There is no doubt that lower marginal rates make high incomes more valuable to the recipients. But since Reagan left office, and the top marginal rate was 28%, they have moved back up to nearly 40%, the highest rate since the Tax Reform Act of 1986 which completely rewrote the IRS code for individuals. And I have no argument that the wage disparity has grown significantly as CEO pay has mushroomed and pay for hourly workers has flattened, that's just a fact. But that's not my point, which was that if the CEO gave up all his cash compensation it wouldn't fund much of a raise for all the hourly workers.

      You are misinformed about the tax impact of equity compensation. This is a widely held view here and I should do a diary about it just as a reference piece. All equity compensation to the CEOs of the Fortune 1000 is taxable as W2 income at the top marginal rate, currently about 40%. There is no way to structure that income so that it qualifies for long term capital gains, now taxed at 23.8%. It is impossible. Only executives who manage investment partnerships can structure their incentive compensation so that it qualifies for long term capital gains treatment.

      "let's talk about that"

      by VClib on Tue Mar 04, 2014 at 03:43:25 PM PST

      [ Parent ]

      •  Nonsense n/t (2+ / 0-)
        Recommended by:
        ozsea1, RMForbes

        This all started with "what the Republicans did to language".

        by lunachickie on Tue Mar 04, 2014 at 04:51:29 PM PST

        [ Parent ]

        •  lunachickie - this is one area where I am an (1+ / 0-)
          Recommended by:
          Balto

          expert and every tax professional on this site agrees with my statement about equity compensation and that it is taxable as W2 income. This isn't my opinion.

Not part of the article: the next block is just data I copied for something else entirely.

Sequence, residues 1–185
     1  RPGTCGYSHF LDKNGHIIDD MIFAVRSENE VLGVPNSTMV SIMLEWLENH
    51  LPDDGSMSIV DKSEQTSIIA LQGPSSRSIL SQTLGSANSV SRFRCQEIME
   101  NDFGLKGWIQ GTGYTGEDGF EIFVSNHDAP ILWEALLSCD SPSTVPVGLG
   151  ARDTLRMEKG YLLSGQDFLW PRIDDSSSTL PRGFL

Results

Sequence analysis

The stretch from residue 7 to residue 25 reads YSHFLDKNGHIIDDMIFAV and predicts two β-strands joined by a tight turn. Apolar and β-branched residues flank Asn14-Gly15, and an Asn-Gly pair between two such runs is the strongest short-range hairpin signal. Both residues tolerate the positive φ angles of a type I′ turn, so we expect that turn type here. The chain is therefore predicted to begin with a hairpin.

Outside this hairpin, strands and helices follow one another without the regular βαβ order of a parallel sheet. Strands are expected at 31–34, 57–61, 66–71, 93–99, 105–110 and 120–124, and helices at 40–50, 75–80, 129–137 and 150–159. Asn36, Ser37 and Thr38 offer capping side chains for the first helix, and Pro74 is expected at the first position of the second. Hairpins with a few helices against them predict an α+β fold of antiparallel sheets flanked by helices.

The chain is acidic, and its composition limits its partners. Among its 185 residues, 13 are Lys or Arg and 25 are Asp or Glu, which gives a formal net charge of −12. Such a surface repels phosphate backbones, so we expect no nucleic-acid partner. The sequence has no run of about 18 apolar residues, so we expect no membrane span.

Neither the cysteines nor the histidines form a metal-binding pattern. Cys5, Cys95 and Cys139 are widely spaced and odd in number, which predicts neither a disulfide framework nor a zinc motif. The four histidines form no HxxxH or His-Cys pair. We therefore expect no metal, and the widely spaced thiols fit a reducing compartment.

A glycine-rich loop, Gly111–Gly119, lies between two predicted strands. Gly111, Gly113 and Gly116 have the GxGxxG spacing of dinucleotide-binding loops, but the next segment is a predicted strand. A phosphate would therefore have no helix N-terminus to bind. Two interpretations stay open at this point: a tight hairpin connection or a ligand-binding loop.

I have engaged the best tax professionals in SF, NYC, and DC on this issue and there is no way to make non-qualified stock options (the only kind CEOs receive) and restricted stock qualify for long term capital gains. If it could have been done I would have done it while serving as compensation committee chairman, a role I have had at numerous public companies since 1988.

          If you have some specific examples that show otherwise, I'd like to see them. I'd love to know how to do it.  

          "let's talk about that"

          by VClib on Tue Mar 04, 2014 at 05:47:52 PM PST

          [ Parent ]

          •  So if that were true how did Romney have (1+ / 0-)
            Recommended by:
            VClib

            an effective tax rate of less than 15%? Wasn't he paying deferred income taxes at the capital gains rate? I guess you agree that the very wealthy should have the tax code written in their favor. What we have today is not a progressive tax system which incentivizes reinvestment in our domestic economy. That's not okay by me and something I believe we need to work to change.